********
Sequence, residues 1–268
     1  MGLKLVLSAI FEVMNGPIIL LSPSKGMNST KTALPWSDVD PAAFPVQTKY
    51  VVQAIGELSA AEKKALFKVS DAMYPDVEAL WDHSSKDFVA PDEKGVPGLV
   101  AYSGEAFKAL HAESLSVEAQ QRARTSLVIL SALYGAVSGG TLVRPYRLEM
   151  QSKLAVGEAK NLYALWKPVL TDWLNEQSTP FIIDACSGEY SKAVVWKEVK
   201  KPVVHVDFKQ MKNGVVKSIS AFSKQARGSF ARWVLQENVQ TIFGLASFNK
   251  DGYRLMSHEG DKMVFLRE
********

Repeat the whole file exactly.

Sequence, residues 1–268
     1  MGLKLVLSAI FEVMNGPIIL LSPSKGMNST KTALPWSDVD PAAFPVQTKY
    51  VVQAIGELSA AEKKALFKVS DAMYPDVEAL WDHSSKDFVA PDEKGVPGLV
   101  AYSGEAFKAL HAESLSVEAQ QRARTSLVIL SALYGAVSGG TLVRPYRLEM
   151  QSKLAVGEAK NLYALWKPVL TDWLNEQSTP FIIDACSGEY SKAVVWKEVK
   201  KPVVHVDFKQ MKNGVVKSIS AFSKQARGSF ARWVLQENVQ TIFGLASFNK
   251  DGYRLMSHEG DKMVFLRE